The Bookshelf – The Perfect Mile

The Perfect Mile CoverBy Monty Hagler

(Part of a a continuing series on the books that made the journey to our new office.)

Let’s start with the fact that I’m a swimmer, not a runner. I’m not even fond of walking. So many people are surprised to see The Perfect Mile in my office. This book by Neal Bascomb recounts how the English runner Roger Bannister broke the 4-minute-mile barrier at a track meet on May 6, 1954.

While the task at hand was on the athletic field, I’ve drawn multiple lessons from the story of this historic accomplishment:

If you’re stuck, change your routine

Bannister was a great runner for many years, but he and every other runner chasing the 4-minute-mile kept coming up short. Under the guidance and workout routines of a new coach, Bannister adopted different training techniques that allowed him to build up both his stamina and his speed.

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The Bookshelf – Atlas Shrugged

img_5310By Monty Hagler

(Part of a continuing series on the books that made the journey to our new office.)

“Who is John Galt?”

I find that people either immediately know the opening sentence to Atlas Shrugged or have no idea why it would take nearly 1,100 pages to answer that question.

In the summer of 1986, I had plenty of free time for reading. I was lifeguarding and coaching a swim team, and the smart people I knew (like John and David Hood) kept referring to Ayn Rand’s Objectivism philosophy. I dove in, and Atlas Shrugged still sits on my office bookcase 30 years later.

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The Bookshelf – Undaunted Courage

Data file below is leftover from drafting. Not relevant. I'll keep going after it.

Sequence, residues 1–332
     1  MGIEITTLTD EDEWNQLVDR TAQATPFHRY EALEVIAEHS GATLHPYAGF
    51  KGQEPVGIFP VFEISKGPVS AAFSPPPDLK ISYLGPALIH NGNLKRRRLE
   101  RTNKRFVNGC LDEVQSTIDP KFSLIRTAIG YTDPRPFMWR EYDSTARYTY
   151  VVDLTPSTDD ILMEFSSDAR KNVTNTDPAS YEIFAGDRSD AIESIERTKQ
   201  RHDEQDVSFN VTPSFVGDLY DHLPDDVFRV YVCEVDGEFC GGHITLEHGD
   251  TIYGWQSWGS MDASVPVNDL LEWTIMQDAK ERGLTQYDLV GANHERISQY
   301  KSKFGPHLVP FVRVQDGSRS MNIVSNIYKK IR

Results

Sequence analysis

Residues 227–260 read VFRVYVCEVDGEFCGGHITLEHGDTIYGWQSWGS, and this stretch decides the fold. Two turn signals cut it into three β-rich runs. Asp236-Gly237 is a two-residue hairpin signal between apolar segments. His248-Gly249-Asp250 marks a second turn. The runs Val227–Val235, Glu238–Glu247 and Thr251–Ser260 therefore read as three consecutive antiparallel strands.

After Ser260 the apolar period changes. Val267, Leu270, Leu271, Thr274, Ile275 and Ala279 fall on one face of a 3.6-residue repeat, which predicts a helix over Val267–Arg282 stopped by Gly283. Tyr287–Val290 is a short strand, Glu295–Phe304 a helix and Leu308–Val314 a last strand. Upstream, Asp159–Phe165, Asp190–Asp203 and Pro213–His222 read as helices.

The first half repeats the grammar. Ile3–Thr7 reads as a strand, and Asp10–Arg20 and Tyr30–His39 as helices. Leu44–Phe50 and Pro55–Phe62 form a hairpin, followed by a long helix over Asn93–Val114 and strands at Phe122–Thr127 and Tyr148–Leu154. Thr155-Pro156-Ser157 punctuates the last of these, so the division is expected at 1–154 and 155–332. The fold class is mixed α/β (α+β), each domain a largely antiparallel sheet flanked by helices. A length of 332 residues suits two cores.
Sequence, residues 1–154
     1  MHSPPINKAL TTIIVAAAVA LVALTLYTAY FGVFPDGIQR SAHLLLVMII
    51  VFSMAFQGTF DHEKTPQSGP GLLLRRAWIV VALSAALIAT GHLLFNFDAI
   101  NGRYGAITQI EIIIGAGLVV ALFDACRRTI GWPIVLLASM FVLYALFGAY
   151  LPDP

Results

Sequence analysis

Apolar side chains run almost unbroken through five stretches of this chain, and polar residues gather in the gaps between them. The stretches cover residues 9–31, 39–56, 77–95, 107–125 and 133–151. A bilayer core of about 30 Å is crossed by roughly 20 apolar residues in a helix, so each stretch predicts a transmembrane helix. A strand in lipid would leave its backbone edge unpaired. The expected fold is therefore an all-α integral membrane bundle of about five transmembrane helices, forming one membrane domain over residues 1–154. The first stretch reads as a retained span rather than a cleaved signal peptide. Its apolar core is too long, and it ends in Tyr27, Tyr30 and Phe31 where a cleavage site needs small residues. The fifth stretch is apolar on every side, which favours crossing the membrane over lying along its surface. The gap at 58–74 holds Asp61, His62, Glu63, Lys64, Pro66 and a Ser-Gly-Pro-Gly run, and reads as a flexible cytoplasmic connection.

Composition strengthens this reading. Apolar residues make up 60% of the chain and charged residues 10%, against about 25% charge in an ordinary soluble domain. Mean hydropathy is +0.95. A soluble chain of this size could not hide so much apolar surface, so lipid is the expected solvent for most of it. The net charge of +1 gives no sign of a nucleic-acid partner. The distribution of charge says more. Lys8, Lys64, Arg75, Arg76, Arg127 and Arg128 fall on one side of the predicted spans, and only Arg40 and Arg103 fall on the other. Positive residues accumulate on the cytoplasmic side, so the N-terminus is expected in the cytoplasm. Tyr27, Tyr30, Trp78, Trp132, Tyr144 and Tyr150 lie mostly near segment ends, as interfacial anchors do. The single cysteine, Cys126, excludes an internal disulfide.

By Monty Hagler

(Part of a continuing series on the books that made the journey to RLF’s new office space)

My father gave me a copy of Undaunted Courage by Stephen Ambrose in 1996. The book focuses on the Lewis & Clark expedition to explore the American West and bring back a weimg_5299alth of knowledge that transformed our country and confirmed the incredible value of Thomas Jefferson’s deal for the Louisiana Purchase.

Ambrose captures how difficult the task was in 1803 as the expedition had to overcome numerous obstacles. Malaria. Leaking canoes. Hostile Indian tribes. Unnavigable rivers. Paralyzing cold. Grizzly bears. Lost supplies. But nothing could stop the small, determined Corp of Discovery. They pushed forward. Took notes on botany, geography, ethnology and zoology. Filled journals with observations on weather, rocks and people. Discovered and described 178 new plants and 122 species and sub-species of animals. Drew maps and recorded the most direct, convenient route across the continent.

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